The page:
Delivering personal income tax cuts in Tuesday's budget is timely given the slow pace of wages growth and may even change the Turnbull government's fortunes.
While the government remains tight-lipped as to what form the cuts will take, they will be aimed at low and middle-income earners initially.
"It's good for them and it's good for the economy," Finance Minister Mathias Cormann told Sky News on Sunday.
"It's what makes sense and what is affordable."
There will be a phased-in approach for high-income earners.
Of course, given the progressive nature of the personal income tax system, any changes to tax rates or tax brackets at the low end of the scale now would also benefit high-income earners.
Like everyone, for those even on a salary of say over $200,000, they pay no tax on their earnings below $18,200, then 19 cents in the dollar up to $37,000 and then 32.5 per cent up to $87,000. Only then do they pay 37 cents in the dollar up to $180,000 and then 45 cents above that.
Whatever, the tax cut means in dollar terms, it comes at a time when wage growth remains close to a near-two-decade low at 2.1 per cent and only just above the rate of inflation.
The latest figures for wage growth will be released on May 16.
The Reserve Bank in its quarterly monetary policy statement on Friday still expects wages growth to pick up only gradually, despite the record jobs growth over 2017.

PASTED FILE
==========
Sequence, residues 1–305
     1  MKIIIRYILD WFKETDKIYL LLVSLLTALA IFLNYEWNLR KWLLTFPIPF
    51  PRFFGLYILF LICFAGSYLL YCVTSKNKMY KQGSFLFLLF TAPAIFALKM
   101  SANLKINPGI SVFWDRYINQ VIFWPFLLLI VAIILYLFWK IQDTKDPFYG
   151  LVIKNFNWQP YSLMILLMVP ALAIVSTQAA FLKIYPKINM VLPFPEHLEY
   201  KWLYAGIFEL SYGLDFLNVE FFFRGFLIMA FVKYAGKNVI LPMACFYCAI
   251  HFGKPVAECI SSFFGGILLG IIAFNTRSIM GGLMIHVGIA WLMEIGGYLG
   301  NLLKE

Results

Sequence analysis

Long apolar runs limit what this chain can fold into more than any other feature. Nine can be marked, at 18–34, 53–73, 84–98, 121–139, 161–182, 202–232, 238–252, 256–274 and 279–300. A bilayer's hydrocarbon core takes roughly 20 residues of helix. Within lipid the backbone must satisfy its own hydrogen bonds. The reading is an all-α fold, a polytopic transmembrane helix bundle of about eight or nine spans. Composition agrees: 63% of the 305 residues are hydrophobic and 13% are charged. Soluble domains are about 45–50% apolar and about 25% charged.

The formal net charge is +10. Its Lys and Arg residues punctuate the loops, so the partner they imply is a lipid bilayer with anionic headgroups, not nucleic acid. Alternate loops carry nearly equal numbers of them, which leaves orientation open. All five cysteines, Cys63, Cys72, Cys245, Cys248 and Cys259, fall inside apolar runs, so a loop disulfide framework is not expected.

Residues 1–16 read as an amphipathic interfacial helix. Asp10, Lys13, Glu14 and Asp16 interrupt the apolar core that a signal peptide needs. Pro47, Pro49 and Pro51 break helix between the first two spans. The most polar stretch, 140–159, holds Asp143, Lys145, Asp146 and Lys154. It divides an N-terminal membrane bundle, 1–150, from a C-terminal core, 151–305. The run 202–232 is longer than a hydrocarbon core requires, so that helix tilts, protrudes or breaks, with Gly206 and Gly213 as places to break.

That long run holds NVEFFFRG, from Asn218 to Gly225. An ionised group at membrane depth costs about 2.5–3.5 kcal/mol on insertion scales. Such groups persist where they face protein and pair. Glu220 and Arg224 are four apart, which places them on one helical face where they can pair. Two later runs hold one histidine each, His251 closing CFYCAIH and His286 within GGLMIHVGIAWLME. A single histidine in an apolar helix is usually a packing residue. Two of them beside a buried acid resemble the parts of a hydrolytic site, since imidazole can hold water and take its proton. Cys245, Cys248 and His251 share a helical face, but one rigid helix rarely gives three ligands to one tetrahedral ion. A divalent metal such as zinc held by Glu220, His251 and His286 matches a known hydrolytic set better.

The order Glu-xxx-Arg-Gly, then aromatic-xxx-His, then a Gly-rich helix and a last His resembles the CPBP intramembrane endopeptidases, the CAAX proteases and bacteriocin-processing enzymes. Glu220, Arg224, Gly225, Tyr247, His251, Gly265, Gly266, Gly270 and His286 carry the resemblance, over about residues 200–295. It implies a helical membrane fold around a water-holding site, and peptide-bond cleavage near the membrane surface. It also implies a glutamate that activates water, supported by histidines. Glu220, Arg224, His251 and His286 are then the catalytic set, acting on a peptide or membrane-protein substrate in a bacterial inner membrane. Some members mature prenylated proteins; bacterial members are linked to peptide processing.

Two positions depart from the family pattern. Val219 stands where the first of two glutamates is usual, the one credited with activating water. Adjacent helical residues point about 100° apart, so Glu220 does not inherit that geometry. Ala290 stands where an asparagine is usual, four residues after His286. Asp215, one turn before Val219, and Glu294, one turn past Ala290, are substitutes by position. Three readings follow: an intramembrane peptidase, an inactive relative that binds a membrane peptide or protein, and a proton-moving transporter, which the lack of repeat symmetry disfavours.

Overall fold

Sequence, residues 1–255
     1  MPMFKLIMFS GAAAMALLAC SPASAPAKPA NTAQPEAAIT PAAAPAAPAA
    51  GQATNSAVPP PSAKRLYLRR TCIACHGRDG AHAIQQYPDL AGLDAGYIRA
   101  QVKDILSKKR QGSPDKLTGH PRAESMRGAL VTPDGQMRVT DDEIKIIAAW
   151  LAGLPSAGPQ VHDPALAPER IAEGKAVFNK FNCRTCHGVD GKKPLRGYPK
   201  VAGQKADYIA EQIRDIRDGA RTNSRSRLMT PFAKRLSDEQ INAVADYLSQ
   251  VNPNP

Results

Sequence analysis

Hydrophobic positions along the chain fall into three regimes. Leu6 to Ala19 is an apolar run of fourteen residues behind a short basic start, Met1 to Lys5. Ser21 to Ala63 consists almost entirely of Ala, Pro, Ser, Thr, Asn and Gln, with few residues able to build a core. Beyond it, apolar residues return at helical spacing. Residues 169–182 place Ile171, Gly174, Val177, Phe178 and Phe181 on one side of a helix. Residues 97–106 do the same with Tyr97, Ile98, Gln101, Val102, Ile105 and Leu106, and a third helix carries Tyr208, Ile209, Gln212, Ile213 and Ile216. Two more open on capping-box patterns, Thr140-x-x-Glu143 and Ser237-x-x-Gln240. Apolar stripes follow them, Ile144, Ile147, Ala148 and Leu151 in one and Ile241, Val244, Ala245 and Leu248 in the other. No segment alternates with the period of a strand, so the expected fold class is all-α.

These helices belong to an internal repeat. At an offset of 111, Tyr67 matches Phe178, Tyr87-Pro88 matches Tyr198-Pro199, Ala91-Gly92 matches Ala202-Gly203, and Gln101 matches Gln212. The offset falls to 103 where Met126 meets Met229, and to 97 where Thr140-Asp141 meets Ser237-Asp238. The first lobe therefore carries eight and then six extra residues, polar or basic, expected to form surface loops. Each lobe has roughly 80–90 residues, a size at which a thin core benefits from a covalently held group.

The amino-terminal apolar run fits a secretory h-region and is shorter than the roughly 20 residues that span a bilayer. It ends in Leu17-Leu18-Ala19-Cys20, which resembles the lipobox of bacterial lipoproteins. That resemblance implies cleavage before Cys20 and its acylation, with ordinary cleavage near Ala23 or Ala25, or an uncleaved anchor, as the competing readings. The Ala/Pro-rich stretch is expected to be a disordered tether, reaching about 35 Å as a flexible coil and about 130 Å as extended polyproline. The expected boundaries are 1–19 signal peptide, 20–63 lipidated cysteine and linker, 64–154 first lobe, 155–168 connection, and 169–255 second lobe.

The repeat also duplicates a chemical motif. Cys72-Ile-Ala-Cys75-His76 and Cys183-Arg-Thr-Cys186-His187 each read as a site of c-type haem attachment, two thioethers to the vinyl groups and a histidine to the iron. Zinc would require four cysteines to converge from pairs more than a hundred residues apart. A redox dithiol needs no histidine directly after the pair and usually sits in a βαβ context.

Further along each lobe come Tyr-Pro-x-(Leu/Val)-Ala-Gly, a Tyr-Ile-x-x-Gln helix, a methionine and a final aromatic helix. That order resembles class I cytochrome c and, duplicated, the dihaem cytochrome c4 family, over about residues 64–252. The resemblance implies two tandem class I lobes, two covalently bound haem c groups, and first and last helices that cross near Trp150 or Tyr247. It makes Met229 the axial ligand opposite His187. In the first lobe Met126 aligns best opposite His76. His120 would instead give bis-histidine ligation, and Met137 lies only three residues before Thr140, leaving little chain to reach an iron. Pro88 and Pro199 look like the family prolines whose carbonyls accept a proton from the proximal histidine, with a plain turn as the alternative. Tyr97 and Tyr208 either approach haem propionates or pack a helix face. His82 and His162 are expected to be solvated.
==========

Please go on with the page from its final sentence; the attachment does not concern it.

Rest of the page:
New Department of Jobs and Small Business data show enterprise bargaining agreements concluded in the final three months of 2017 offered some hope for the outlook.
The average annualised wage increase for new agreements approved in the December quarter was 2.5 per cent, up from 2.2 per cent in the September quarter.
Macquarie Bank economist Justin Fabo said agreement outcomes appear to have troughed after the sharp deterioration in the September quarter.
"However, wage outcomes in new EBAs remain below those in existing agreements which will weigh on overall wages growth going forward," he said.
The annual rate for existing agreements as of December was 2.8 per cent.
In the government's mid-year budget review released in December, Treasury forecast wage growth of 2.75 per cent for the 2018/19, then 3.25 per cent and 3.5 per cent in the two subsequent financial years, a pace that was seen as optimistic by some economists.
While the central bank remains cautious on the outlook for both wage growth and the jobless rate, it is confident about the economic overlook overall after the disappointing 2.4 per cent growth result in the 2017 calendar year.
It expects growth of 3.25 per cent in both the 2018/19 and 2019/20 financial years, stronger than the three per cent forecasts for both years made by Treasury in December.